HomeBad Ass AsiansRep Chu Calls for Overhaul of Military Hazing Policy after Scathing Report

Rep Chu Calls for Overhaul of Military Hazing Policy after Scathing Report

By Louis Chan
AsAmNews National Correspondent

For Rep Judy Chu (D-CA), the issue of military hazing is personal.

Her nephew, Lance Corporal Harry Lew committed suicide after being subjected to hazing by his fellow Marines.

“Next month will recognize the fifth anniversary of the death of my nephew, Harry Lew, Chu testified yesterday before the House Armed Services Committee. “In the middle of the night, his fellow Marines took it upon themselves to administer so-called “corrective training” for almost four hours. They tormented, abused and degraded him. They forced him to perform useless, unnecessary exercises while he was clad in his full body armor, carrying a 25-pound sandbag. After they kicked, punched, and stomped on his back, they nearly smothered him with the contents of the sandbag. Twenty-two minutes after this torture, Harry took his own life, and my family was forever changed.”

Last month, at the urging of Chu, the General Accountability Office released a report on military hazing and found while the various branches of the military including the Department of Defense, had hazing policies, there is little oversight on how well those policies are implemented.

“Without routinely monitoring policy implementation, DOD, the Coast Guard, and the military services may not have the accountability needed to help ensure efforts to address hazing are implemented consistently,” the report stated.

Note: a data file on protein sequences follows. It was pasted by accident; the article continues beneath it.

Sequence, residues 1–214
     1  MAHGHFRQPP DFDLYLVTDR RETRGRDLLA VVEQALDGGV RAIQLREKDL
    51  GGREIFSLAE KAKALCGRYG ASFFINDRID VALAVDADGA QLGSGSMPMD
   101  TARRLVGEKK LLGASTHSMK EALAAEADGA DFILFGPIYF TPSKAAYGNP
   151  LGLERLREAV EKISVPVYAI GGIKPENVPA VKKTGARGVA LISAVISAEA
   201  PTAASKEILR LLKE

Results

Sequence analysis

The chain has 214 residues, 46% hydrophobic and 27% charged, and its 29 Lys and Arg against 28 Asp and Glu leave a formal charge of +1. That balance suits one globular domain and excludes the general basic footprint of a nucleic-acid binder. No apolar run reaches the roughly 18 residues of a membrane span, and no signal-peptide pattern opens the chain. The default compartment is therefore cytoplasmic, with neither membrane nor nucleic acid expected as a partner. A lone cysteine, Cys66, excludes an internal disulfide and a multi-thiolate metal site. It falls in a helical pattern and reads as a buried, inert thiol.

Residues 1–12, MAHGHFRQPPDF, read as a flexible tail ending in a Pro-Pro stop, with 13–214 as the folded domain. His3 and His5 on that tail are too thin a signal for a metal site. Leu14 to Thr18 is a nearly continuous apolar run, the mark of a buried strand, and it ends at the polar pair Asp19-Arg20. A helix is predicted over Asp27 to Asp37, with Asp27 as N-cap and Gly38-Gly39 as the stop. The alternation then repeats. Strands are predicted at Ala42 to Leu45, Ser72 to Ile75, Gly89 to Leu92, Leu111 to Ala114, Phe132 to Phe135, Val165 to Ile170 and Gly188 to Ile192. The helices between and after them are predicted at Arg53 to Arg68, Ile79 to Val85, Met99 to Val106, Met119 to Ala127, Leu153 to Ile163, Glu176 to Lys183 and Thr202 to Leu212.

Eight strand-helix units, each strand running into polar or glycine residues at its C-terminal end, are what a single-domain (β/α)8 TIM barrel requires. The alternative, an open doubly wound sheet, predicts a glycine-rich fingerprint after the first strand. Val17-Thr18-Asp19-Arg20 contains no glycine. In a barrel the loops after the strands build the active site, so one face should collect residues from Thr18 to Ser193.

GAO investigators released 12 recommendations including calling for the Undersecretary of Defense and the Secretaries of each military department to monitor implementation. It also asked the Department of Defense to come up with a uniform standard for compiling data on hazing incidents.

Chu is urging Congress to include in its 2017 National Defense Authorization Act a requirement for the Department of Defense to submit an annual report on the implementation of hazing policies, to improve existing training of servicemembers to better identify and respond to hazing, and to issue department-wide guidance on the collection of data on hazing.

“Only when we have these changes in place can we truly begin to eliminate hazing in the military. I urge Congress take action to eradicate hazing in the military,” said Chu.

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